I don’t seem to enjoy working with HTML. But I do love JS. In fact, I love the logical thinking it requires to solve problems. I suppose all other languages must be like JS, except for HTML. I’m not sure though.
Which kind of job will suit me? Specific job posts might help, so that I know which direction to take and which languages to focus on.
Thank you very much for responding.
HTML isn’t a programming language, it’s a markup language: it’s a way of annotating some text so that it can be processed by a machine. ie you use a programming language to write a program or an application that can do something useful if it’s given text that has been marked up with HTML tags – so for example, a browser can convert text marked up with HTML tags to something that displays in a certain way on the screen (whereas if you just give it text that isn’t marked up, it will still display it, but it’ll just be a big block of text, you can’t do much useful with it).
There are lots of markup languages – HTML happens to be the most common. The problem they solve is that when you are displaying text on a computer screen or printing it out via some publishing software, or whatever, the text isn’t all the same. The text may be in paragraphs, within the text some words may need stressing, some text might be quoted, there may be images in there. On the web some text in a sentence may be a hyperlink, you might have some form inputs. The sentences may include maths formulae. And so on and so forth. This is difficult to do when you are storing and working with the raw text on a computer, or in a database – how do you indicate that some characters in, say, a single sentence are not to be represented on screen in the same way as other characters? And the answer is, you don’t just store the text, you store a version of the text that has those parts of it wrapped in markup tags.
But you don’t program in markup languages, they are a tool you are likely to make use of when programming. The reason FCC and other courses that focus on programming for the web start with HTML is that a. it’s the core thing that decides what gets displayed on the screen when you open a website, and b. it is an easy introduction to programming – it has many of the same concepts, it gets you used to structuring text (“code”) in a way that is understandable to machines. And you get immediate results back – write a list of things in a plain text file (My pets: Cat, Dog, Goldfish), then if you wrap them in these tags (<h1>My pets:</h1><ul><li>Cat,</li><li>Dog,</li><li>Goldfish</li></ul>), save the file as my-pets.html and open that file in a browser, pop, instead of a line of text “My pets: Cat, Dog, Goldfish”, you get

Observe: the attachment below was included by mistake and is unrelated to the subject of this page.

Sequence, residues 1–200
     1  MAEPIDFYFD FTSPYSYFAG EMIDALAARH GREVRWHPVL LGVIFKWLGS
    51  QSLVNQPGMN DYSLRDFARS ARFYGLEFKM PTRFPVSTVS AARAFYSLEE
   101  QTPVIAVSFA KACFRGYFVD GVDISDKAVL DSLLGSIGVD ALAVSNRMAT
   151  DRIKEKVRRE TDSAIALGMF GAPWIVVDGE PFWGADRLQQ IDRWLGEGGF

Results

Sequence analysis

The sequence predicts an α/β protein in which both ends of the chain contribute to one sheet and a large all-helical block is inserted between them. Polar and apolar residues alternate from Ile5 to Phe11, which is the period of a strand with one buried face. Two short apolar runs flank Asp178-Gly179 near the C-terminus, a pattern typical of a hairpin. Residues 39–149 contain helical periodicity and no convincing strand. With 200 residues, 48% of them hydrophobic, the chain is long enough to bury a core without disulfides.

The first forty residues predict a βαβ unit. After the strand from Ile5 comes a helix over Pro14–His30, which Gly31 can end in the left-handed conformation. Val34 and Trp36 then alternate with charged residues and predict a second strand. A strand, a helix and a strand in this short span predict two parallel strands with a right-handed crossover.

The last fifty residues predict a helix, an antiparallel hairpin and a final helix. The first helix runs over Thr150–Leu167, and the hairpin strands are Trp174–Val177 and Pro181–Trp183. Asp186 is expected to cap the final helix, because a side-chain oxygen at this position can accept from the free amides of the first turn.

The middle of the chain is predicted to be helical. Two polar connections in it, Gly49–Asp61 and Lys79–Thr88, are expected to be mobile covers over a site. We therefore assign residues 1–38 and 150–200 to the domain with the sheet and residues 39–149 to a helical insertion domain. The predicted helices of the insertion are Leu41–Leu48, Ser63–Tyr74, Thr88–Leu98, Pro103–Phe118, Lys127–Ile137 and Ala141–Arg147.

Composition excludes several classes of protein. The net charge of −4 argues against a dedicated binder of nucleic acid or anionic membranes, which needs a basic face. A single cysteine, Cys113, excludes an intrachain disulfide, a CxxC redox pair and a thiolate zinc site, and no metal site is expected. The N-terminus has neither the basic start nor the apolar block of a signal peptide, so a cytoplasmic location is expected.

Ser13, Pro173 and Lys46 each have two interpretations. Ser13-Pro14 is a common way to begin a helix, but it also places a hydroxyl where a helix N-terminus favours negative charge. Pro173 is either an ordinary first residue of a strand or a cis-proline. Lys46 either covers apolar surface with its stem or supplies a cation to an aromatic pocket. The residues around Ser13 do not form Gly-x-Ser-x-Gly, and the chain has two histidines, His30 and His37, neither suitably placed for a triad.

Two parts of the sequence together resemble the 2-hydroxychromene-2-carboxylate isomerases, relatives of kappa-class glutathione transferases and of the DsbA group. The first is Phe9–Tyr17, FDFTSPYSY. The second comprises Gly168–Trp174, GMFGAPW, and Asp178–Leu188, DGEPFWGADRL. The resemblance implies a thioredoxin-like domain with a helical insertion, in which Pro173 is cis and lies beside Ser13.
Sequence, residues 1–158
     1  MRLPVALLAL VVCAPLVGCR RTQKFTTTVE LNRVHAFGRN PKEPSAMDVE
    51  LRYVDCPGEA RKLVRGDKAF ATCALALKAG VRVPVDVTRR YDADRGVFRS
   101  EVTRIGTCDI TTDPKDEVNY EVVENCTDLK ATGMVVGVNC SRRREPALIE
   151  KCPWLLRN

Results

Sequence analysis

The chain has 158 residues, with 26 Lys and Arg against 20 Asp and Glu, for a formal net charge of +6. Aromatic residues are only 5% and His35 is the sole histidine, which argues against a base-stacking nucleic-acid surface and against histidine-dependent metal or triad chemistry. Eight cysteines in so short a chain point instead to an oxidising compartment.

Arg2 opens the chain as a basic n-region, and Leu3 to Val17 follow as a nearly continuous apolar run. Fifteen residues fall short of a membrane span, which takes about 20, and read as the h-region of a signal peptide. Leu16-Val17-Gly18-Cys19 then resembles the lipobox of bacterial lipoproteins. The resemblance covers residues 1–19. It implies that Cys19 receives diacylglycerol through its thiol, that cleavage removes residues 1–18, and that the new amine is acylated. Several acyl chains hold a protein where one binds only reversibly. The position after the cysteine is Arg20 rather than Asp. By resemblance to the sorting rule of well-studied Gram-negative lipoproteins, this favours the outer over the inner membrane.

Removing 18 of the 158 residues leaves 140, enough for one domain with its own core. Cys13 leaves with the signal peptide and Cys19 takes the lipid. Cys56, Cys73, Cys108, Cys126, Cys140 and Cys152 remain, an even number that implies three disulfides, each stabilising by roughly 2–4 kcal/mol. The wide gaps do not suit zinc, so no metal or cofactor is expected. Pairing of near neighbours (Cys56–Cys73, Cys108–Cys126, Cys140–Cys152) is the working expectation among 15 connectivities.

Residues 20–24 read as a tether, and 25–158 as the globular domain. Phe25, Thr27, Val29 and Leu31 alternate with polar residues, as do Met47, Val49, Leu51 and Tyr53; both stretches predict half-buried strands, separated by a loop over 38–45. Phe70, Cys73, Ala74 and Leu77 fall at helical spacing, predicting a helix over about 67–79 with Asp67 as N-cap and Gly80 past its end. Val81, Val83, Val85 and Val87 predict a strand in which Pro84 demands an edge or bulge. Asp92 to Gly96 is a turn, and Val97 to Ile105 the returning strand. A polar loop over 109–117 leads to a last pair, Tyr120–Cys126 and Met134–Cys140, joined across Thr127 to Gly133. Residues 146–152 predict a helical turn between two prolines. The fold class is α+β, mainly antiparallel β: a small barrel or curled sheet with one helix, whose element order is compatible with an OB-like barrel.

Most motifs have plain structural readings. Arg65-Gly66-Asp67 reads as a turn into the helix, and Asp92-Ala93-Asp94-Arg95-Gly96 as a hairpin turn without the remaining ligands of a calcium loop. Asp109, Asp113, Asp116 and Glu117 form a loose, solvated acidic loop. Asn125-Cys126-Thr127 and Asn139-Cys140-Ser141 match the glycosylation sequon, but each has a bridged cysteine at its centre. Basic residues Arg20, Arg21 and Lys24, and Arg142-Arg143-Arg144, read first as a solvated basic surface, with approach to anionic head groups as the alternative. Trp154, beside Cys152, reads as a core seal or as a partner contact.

That’s fine: programming is done in programming languages. With respect to “which kind of job”. Firstly, there aren’t really jobs for people who only know HTML. Not liking HTML is fine, but it is a thing that is necessary to make web pages/web apps work, so knowledge of it is necessary if you do that. And secondly, there are lots of programmers, working across multiple programming languages, doing many different things. There are lots of programmers working specifically in JS, doing many different things. Yes, dive into learning JS, but what you’ve said doesn’t really say anything about what job would suit you, and I’d say don’t worry about that until you’ve gone through the course a lot more, got a handle on JS and are building things using JS.
This isn’t the right time in your journey to focus on these sorts of questions.
Take this rough analogy as an example: “I’m starting to learn to cook, which country should I move to, so I can be a chef at a restaurant?”
There’s a large gap between learning 1 thing, and planning to “focus” on the specifics without know what specifics there are to even focus on.
What if I told you to focus on .NET backed C# applications? You might not even know what those terms are, let alone focus on them. You might hate it, find no jobs for such technologies, or be totally lost before you even began. There’s just too many holes to make any sort of recommendation at this time a good one.
I usually recommend to branching out as you learn the fundamentals. This way you can get a better sense of where you stand in the grand scheme of things. This is better than focusing on specifics without any context, as then you don’t really have an idea of what else is out there to learn. The goal being you want to minimize the “unknown unknowns” and make them “known unknowns”.
So right you now know you don’t know .NET+C#, which is ok! but its better than not knowing that sorta tech even existed!
This is the sorta question you want to be able to answer yourself after some time of being exposed to whats out there and what sort of things you like. So far you’ve found you like programming. Awesome, better than hating it, but knowing 1 language for 1 use-case (web-dev) is just 1 among nearly infinite different options of what you could do.
Making a decision off that 1 data-point isn’t wise, but it is a data-point you can use as you branch out yourself to learn that context of “whats out there”.
Going back to my bad analogy, you’d want to learn what kinda food you can cook to find what you like best, and then look into all the steps required to moving+getting a position as a chef. But most importantly you want to know what you can learn, the same is true for software development.
Your just taking your first steps, but your liking what you’ve found so far. (well besides HTML, cuse that stuff is boring ;P)
The first thing I did when I wanted to learn to code, was some google search. That’s when I was interested in learning python.